Ten Significant Public Health Achievements ― United States, 2001-2010: Motor Vehicle Safety
Motor vehicle crashes are among the top ten causes of death for Americans of all ages and the leading cause of death for children, teens, and young adults (aged 5-34 years).1 In terms of years of life lost, motor vehicle crashes rank third, behind only cancer and heart disease and account for approximately $99 billion in medical and lost work costs annually.1,2 Crash-related deaths and injuries are largely preventable. From 2000 to 2009, while the number of vehicle miles traveled on the nation’s roads increased by 8.5%, the death rate related to that travel declined from 14.9 per 100,000 population to 11.0 and the injury rate declined from 1,130 to 722; among children, the number of pedestrian deaths declined by 49% and the number of bicyclist deaths declined by 58%.3,4
These successes result from progress in several domains including safer vehicles, safer roadways, and safer road user behavior. Behavior was improved by protective policies including strong seat belt and child safety seat legislation; 49 states and the District of Columbia (DC) have enacted seat belt laws for adults and all 50 states and DC have enacted legislation that protects children riding in vehicles. Graduated drivers licensing policies for teenage drivers have helped bring the number of teen crash deaths down.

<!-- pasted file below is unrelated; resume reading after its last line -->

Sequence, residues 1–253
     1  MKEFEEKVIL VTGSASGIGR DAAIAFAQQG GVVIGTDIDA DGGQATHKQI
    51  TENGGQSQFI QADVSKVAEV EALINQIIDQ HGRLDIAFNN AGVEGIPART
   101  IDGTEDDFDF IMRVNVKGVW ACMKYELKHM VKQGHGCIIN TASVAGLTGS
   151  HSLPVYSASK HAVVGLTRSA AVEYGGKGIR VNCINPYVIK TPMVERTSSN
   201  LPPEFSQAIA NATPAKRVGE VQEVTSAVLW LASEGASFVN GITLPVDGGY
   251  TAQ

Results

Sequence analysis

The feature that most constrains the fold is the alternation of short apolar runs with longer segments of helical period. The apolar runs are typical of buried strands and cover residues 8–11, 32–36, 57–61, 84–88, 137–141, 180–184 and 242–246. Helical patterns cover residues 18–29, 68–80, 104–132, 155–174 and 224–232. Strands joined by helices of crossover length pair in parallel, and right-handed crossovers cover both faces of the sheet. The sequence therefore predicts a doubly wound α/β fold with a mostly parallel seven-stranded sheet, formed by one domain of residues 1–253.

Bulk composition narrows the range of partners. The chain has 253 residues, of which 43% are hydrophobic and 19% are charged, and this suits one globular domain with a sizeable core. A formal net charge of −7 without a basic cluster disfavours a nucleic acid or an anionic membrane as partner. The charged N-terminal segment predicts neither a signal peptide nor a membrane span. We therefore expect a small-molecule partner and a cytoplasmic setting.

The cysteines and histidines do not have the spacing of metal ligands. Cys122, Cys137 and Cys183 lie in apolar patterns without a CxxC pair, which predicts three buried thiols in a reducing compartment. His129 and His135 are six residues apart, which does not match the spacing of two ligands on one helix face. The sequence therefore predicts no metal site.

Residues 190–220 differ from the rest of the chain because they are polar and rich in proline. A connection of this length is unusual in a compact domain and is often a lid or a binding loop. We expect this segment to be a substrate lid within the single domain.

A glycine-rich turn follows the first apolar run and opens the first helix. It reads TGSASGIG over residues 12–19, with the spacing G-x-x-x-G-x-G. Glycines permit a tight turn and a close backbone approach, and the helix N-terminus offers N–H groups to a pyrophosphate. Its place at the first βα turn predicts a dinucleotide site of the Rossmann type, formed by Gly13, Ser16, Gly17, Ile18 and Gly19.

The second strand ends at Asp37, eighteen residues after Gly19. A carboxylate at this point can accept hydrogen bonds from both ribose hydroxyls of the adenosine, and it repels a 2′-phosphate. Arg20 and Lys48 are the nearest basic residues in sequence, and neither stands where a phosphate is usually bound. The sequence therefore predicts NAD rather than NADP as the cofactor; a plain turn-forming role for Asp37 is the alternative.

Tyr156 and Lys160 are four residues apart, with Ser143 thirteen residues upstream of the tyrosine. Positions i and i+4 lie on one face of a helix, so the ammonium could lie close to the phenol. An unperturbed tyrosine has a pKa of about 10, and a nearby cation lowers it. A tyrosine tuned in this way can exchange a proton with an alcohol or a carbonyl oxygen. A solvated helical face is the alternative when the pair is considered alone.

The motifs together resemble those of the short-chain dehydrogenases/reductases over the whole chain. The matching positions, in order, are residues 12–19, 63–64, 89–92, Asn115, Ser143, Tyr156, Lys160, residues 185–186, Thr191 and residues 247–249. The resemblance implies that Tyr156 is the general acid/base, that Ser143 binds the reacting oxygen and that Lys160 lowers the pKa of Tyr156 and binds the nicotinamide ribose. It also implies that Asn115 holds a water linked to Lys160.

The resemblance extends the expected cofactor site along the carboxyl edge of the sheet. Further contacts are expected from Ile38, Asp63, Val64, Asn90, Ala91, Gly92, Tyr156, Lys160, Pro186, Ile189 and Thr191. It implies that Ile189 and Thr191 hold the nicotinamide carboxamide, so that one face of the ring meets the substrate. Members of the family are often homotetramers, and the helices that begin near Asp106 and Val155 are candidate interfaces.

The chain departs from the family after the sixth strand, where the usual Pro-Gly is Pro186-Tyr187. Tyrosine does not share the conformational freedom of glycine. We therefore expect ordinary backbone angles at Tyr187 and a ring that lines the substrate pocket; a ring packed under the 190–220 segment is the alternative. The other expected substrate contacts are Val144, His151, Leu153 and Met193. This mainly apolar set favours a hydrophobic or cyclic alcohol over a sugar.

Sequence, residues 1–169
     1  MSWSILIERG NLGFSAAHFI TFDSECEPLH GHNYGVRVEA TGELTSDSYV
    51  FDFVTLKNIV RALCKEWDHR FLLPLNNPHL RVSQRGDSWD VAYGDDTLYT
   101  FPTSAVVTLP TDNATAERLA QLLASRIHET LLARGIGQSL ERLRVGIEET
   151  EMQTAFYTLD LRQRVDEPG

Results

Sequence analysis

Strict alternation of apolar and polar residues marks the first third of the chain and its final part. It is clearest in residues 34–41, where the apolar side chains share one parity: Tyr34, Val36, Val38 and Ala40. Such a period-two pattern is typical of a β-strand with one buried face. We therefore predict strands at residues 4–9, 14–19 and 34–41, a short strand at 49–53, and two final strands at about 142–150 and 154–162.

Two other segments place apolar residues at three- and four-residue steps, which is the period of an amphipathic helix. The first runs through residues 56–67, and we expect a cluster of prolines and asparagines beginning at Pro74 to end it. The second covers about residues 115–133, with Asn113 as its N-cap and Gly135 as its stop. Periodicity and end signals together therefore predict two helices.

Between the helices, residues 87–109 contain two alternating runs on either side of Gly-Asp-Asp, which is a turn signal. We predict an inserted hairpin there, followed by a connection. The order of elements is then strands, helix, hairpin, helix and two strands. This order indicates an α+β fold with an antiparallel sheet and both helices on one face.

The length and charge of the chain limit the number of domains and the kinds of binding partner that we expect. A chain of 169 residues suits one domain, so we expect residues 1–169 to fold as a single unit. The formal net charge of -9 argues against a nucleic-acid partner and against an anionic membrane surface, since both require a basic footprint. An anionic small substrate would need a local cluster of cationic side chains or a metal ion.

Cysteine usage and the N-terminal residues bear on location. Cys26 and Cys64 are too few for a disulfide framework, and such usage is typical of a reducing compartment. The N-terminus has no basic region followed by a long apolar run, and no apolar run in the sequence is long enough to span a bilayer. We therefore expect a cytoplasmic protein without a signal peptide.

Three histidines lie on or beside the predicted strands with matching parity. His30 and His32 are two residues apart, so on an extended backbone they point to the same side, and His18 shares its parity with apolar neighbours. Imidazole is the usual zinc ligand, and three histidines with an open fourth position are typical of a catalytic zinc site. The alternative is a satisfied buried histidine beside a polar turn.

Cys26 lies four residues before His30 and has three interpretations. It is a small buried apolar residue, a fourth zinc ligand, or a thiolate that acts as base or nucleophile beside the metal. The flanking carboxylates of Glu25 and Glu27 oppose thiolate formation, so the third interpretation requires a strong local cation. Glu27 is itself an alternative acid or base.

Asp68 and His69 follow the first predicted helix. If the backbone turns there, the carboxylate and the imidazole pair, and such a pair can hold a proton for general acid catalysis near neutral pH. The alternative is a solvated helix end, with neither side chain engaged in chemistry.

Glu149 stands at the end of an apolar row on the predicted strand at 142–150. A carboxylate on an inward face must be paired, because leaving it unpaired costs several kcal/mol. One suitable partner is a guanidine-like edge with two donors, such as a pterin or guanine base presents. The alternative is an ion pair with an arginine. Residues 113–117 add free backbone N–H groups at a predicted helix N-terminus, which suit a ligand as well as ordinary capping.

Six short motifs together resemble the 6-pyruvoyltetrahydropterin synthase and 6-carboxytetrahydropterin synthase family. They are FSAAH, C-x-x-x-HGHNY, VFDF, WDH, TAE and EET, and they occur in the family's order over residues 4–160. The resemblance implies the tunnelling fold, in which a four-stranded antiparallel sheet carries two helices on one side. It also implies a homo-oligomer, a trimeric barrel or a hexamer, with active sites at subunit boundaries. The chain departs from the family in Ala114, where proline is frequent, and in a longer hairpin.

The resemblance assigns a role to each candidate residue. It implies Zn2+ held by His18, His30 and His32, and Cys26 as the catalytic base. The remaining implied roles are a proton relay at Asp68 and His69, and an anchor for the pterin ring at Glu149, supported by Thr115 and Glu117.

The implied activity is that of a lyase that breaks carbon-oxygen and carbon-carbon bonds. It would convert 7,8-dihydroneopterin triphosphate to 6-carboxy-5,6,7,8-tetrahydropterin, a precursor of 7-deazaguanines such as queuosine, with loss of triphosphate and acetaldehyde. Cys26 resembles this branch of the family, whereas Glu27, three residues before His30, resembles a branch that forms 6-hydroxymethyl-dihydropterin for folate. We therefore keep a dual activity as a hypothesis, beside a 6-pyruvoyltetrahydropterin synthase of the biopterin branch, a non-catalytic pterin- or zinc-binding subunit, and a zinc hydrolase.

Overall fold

CDC’s role in motor vehicle safety has been to advance the science around what we know works; for example, evaluating the effectiveness of seat belt laws, child safety seat laws, child safety seat distribution and education programs, and graduated drivers licensing (GDL) policies. Next, CDC can bring public health and traffic safety professionals together to more efficiently and effectively produce further reductions in crash-related injury and death.
- Centers for Disease Control and Prevention, National Center for Injury Prevention and Control. Web-based Injury Statistics Query and Reporting System (WISQARS). 2011 [cited April 13, 2011]; Available from: http://www.cdc.gov/injury/wisqars
- Naumann RB, Dellinger AM, Zaloshnja E, et al. Incidence and total lifetime costs of motor vehicle-related fatal and nonfatal injury by road user type, United States, 2005. Traffic Inj Prev. 2010 Aug;11(4):353-60.
- National Highway Traffic Safety Administration. Traffic Safety Facts 2009 Children. Washington, DC: US Department of Transportation; 2010. Report No.: DOT HS 811-387.
- National Highway Traffic Safety Administration. Traffic Safety Facts 2009 (early edition): US Department of Transportation; 2010. Report No.: DOT HS 811-402.
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